Amy and I were raising support to join the staff of Campus Crusade for Christ (Cru) and living in Mount Pleasant, MI. I had just graduated from Central Michigan University and we were excited about our future. But, we had to raise some serious cash. When you’re a missionary with Cru you have to develop all of the financial support to provide for yourself and your family. So, we decided to do what any good evangelical would, we committed to fasting for a time.

We secretly believed that God would see our fasting and he would move because we were fasting. Granted, we would never had said it that way. We would have said we were seeking to develop a dependence on God for our physical needs, or something. But, in reality we (or at least I) pretty much thought that fasting had some sort of power to move God.

During this time I was working at Wendy’s to provide for my young wife (she as working at a bank and was the real bread winner, but don’t tell 21 year old Dan that he was pretty proud). Surrounded by french fries, nuggets, and burgers made for a very difficult time of fasting. It’s OK, I decided that Frosty was a beverage.

I look back at those kids and smile. So much faith and hope. So little understanding and wisdom.

As we continue to consider the practices of abstinence there are two more that are related to one another: fasting and frugality. Remember, the practices of abstinence are rooted in our active choice to deny the self. Our culture is rooted in indulgence of the self. As we practice these disciplines we will be pushing against our culture and it will feel hard.

Fasting in its most basic form is the forgoing of food for a period of time. Just about every great religious tradition includes periods of fasting as a component of spiritual practice.

Before continuing I need to clearly state this: do not fast from food apart from the oversight of your physician.

When we fast from food we feel something physical in us. Our stomach growls, we may feel sluggish, and we become aware of our desire for food. Fasting from food opens our eyes to how frail we really are.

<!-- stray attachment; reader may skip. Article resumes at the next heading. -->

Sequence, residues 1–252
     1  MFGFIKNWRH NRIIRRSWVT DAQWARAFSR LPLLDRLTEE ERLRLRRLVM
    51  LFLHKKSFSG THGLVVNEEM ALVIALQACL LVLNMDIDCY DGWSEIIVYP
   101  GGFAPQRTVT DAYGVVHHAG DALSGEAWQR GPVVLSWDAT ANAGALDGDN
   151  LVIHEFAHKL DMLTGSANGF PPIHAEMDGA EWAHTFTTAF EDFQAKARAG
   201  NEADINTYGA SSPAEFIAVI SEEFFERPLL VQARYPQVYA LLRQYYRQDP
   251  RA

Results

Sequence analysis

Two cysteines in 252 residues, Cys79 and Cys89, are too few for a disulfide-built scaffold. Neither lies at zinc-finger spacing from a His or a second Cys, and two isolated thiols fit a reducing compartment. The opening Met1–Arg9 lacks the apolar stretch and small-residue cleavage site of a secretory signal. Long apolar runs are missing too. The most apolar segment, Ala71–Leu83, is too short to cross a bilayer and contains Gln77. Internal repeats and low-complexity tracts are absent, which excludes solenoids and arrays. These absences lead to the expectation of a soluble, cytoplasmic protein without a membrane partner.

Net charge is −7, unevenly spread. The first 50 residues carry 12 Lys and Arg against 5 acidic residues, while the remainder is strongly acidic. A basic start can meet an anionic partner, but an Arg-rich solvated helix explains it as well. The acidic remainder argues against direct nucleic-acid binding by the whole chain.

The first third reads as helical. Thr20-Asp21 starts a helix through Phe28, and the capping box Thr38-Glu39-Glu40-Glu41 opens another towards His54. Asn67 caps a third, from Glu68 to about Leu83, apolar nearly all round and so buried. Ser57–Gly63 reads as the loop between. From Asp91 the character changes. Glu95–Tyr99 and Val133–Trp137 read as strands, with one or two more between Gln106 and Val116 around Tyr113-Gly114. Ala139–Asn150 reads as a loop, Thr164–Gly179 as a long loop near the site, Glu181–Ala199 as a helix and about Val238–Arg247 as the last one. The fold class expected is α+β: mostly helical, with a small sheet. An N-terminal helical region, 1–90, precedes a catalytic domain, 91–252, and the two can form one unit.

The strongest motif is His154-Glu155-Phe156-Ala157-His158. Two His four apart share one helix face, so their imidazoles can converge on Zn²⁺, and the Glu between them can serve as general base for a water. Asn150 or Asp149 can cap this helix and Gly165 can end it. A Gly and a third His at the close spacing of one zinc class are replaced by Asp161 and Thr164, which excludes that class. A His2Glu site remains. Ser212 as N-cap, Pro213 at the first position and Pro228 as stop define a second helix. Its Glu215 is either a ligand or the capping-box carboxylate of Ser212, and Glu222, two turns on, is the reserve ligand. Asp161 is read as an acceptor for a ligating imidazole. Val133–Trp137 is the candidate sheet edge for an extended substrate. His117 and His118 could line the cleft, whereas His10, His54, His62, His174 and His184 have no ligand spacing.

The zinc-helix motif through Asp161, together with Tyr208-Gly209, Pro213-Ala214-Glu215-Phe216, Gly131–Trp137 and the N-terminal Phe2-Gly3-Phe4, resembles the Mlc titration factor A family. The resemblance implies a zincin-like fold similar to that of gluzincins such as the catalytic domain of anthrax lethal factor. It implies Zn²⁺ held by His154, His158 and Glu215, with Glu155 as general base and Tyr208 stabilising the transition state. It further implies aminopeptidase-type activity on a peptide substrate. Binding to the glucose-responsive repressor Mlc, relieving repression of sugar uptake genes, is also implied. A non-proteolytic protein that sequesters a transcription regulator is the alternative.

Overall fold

A food fast is not the only to practice fasting. I have found over the years that fasting from anything that dominates my mind or time has been very significant. For instance, I will regularly fast from social media. I have fasted from radio or music when driving. There have been times where fasting from little things like alcohol, sweets, or snacking has been helpful.

The important thing with fasting is identifying something in your life that you think has some form of control over you and actively choosing to forgo it. As we let it go, we then pursue additional time with God through prayer, meditation, reflection, or community.

Related to fasting is the practice of frugality. Frugality is where we actively choose to not spend money on anything beyond fundamental needs. This doesn’t mean that you should stop paying your mortgage. It means that you choose not to eat out, engage in paid entertainment, or you wait for a period to buy something that is not a need.

If fasting is a practice that helps us learn dependence, frugality helps us learn contentment. If you’re anything like me you’re always looking for the next cool thing. The next movie, the next device, the next…Frugality as a practice challenges this heart attitude. When we are practicing frugality we seek to embrace what God has already provided and choose contentment. The other frugality does is that it puts us in position to be generous. We can be generous with our time and our finances because we have chosen contentment for a season.

Have you ever practiced fasting or frugality? How has it played out in your life? What was it like? I’d love to hear your story!

Originally published at on January 29, 2020.